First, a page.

Before you look at the metrics, and techniques used. To gain a better understanding of what the numbers mean look for the terms in the Peltarion Glossary.

When uploading the dataset into Peltarion you have a few key things:

Each definition is pulled from the Peltarion Glossary


A feature is an input variable. In the datasets table view it is represented as a column.

Multiple features are usually grouped in a Feature sets.

Example: A house can have the following features: number of rooms (numeric), year built (numeric), neighborhood (categorical), street name (categorical), etc.


A subset is a smaller set of your dataset. For the purpose of training a model, you usually subdivide your dataset into three subsets: training set, validation set and test set.


Input is the series of examples fed to a layer.


Range: -1 to 1 - Two classes

Target represents the desired output that we want our model to learn. In the case of a classification problem, the targets would be the labels of each of the examples in the training set.

In training the model I used a total of 5 features, 4 for as inputs variables and 1 as the target.

I used Average % Viewed, Impressions CTR (%), Average View Duration, and Watch Time as features. Which are the input data I will use to determine the target. For the target field, I used the "Select" field which is where the label classification data is stored.

Before I used the model in an experiment I tweaked the subset percentages slightly to provide more data for training and validation. The generic setting is usually set to 80% training data and 20% test data. But instead, I did a 60% training, 20% test, and 20% validation split.

Now the model is ready to train luckily the platform provides pre-trained neural network snippets to train your data with. This problem is considered a classification problem, so I used the tabular snippet.


As you can see the model is able to clarify classes accurately, but the model's precision performance is not as high. So there is room for improvement, this may be more data or trying other techniques. (To gain an understanding of the metrics please refer to the glossary)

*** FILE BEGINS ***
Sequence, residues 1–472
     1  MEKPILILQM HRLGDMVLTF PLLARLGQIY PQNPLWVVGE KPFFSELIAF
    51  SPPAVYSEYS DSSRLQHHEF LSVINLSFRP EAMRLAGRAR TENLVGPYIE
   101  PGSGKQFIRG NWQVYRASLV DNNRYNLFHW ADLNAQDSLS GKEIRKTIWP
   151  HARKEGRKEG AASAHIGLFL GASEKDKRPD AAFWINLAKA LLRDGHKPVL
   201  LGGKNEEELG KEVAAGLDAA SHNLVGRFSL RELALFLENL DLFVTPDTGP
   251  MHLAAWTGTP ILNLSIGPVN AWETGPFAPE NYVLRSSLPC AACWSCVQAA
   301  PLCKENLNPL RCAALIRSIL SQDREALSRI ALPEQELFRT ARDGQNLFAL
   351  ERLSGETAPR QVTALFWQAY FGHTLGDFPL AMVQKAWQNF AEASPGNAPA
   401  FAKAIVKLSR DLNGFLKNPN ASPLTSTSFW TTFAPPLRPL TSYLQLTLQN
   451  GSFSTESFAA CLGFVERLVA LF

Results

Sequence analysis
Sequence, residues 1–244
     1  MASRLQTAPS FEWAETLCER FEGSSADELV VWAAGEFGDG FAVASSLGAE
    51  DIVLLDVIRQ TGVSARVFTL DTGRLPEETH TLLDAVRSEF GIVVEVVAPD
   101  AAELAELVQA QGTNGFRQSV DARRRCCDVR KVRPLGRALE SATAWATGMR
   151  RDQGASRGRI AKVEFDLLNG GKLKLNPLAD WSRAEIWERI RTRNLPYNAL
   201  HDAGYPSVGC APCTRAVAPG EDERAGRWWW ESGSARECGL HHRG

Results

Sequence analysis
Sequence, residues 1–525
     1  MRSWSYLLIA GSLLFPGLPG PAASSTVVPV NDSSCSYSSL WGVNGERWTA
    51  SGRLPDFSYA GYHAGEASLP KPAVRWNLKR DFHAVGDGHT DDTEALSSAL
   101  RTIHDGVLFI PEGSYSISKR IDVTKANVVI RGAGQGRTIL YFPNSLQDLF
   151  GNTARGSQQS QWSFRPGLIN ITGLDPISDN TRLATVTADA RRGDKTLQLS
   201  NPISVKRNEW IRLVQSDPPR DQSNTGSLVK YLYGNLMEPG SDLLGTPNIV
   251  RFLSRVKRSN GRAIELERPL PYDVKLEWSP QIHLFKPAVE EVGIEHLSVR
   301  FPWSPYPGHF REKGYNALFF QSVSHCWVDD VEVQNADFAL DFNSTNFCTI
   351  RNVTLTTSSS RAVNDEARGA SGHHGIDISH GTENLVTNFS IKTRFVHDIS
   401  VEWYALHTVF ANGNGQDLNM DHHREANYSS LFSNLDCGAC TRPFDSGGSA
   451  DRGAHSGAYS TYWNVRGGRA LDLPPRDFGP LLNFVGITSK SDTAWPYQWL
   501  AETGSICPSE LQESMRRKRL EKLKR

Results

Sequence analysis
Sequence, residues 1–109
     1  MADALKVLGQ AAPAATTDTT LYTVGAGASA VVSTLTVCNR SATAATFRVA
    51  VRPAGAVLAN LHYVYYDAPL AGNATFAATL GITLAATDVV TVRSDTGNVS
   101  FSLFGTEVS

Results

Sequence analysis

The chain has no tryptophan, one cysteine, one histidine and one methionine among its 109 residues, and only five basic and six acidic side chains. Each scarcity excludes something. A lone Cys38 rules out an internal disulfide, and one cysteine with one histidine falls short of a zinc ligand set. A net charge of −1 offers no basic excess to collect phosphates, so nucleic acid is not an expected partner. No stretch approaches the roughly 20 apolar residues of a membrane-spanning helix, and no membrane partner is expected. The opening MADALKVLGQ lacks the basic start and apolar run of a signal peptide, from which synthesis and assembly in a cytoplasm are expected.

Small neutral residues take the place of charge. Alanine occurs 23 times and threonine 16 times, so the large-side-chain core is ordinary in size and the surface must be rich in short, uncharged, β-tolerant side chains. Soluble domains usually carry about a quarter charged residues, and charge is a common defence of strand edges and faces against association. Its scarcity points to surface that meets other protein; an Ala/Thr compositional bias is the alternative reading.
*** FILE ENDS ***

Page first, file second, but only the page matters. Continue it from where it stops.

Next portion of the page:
When you are ready to deploy a model in Peltarion all you simply have to do is go to new deployment in the deployment tab of your experiment. Then select the experiment you want to deploy via your own API that Peltarion provides.

To use the model I connected the API to Bubble.io via the API connector plugin.

So the goal of developing this deep learning model is to be able to label each item in a spreadsheet with a specific value based on certain YouTube metrics. In order to do this, you would need to loop each item through your Peltarion API. In bubble, there are various ways to do this. But I decided to just use BDK Native's Utilities plugin which has a list processor tool in it.

The Bubble Logic for a user to analyze their own data is built like this:

User uploads data via csv → A new thing called "Dataset" is created →

Each Item in That CSV is converted to a thing called "Video" → These Video's are added to the Dataset →

User is sent to a "Dataset page" → User Clicks Analyze Dataset → Each item in the dataset is sent to the API via the List processor →

A prediction is made on each Video based on it's metrics → It is then labeled based on the output of the prediction.

There are of course other nuances, but this is in general how the app works.


Below is an example video of the deep learning model at work in bubble.io.

Problem Solved!

Don't hesitate to reach out with any questions or suggestions to me via twitter